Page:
First you said it's impossible to change the odds but after I demonstrated how making four additional bets lowers the number of chances against and does change the odds against winning, you're now saying if I make two bets, the odds are lowered to 18 to 1 as if 18 of the possible losing outcomes magically disappeared. It's an accumulative effect because the odds against any of the five numbers winning is still 37 to 1. The reduction can only be on the number of losing outcomes because only one number can win. Five players individually won't get better odds making the same five \$1 bets.

By making that type of bet, four of those bets will always lose. The odds against the first bet winning are 37 to 1 and the odds against the second bet becomes 36 to 1 because even though the first bet eliminated one of the losing outcomes, there is still only one way the second bet can win. Because the second bet eliminated one of the losing outcomes against the first bet, those odds against winning are reduced to 36 to 1 too. By making five bets, the odds against any one of the five bets winning is 33 to 1.

"So 33:5 against you winning, which will be paid at 31:5 if you win."

The house determines the payoff odds by the accumulative effect whether it's by five players each making five different \$1 bets each having odds of 37 to 1 or one player making five different \$1 bets. The probability of house winning that bet is the number of chances to win (33) compared to the total number of losing chances (5) and a 84.8% chance of winning. The house pays off at 6.2 to 1 when the payoff should be 6.6 to 1 and the difference becomes the house edge.

If one player bets \$5 on the first five numbers (0, 00, 1, 2, and 3) and wins, they are paid off at 6 to 1 or a net win of \$30. If another player puts \$1 on each of those 5 numbers and wins, they are paid off at 35 to 1 or a net win of \$31. The first five numbers is the one bet on a roulette layout the house will gladly accept all day long because it raises the house edge from 5.26% to 7.89%.

I'm not disputing your numbers, just pointing out while the accumulative bets changes the overall effect, it doesn't make any of the 33 losing chances magically disappear. I'm sure Jimmy can't wait to jump in with his presentation of the Gambler's Fallacy.

The logic in the first two paragraphs is very, very, very flawed.  You can't assume that your odds reduced (per bet) b/c only one will win.  That's simply wrong because the ball only lands once, and then stops.  If it was such that there were multiple, non repeatable results, then your logic would be fine.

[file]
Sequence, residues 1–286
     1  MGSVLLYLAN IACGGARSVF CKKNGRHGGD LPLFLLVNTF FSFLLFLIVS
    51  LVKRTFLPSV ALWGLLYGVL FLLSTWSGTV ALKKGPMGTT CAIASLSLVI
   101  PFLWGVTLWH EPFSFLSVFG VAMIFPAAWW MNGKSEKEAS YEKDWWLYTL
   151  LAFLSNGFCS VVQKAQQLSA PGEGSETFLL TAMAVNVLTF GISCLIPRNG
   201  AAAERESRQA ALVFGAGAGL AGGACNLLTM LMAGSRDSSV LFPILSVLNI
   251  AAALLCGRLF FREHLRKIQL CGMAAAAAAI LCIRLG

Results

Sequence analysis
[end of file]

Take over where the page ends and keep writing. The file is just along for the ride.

I really don't feel like I can explain it any clearer.  The odds of you winning are 5/38 with your example.  That's the same as 33 to 5, not 33 to 1.  There is no difference between putting a chip on 1,2,3,4,5 and 6 or putting 6 chips on the 6way.  No difference at all.

There's the execption for 0,00,1,2 and 3 getting shor paid, so then it'd be better off for you to bet them individually, but that's the only exception.

How can you possibly claim that a 3 dollar bet on 1st Street is any different than 3 1 dollar bets on 1,2 and 3?  (I realize you didn't use those specific details, but mathemtically it's all the same, just smaller numers)

But I'll repeat the point one more time.  It's 33 to 5 because there are 33 ways to lose and 5 to win.  In my example, it is 35 to 3.  I don't see how you could possibly dispute that at all.  And I don't see how you can tell me that I misunderstand the game, when quite clearly 5/38 is 33 to 5 not 33 to 1.

New Jersey
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 Posted: January 10, 2013, 8:23 pm - IP Logged

If I give up my chances of winning on some draws to get BETTER ODDS on others, is it still BETTER ODDS?

No.

It's exactly the same.  But something tells me you were looking to just post that same sentence for the 150th time in an effort the be the "boss" of Lottery Post.

United States
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 Posted: January 10, 2013, 8:24 pm - IP Logged

The logic in the first two paragraphs is very, very, very flawed.  You can't assume that your odds reduced (per bet) b/c only one will win.  That's simply wrong because the ball only lands once, and then stops.  If it was such that there were multiple, non repeatable results, then your logic would be fine.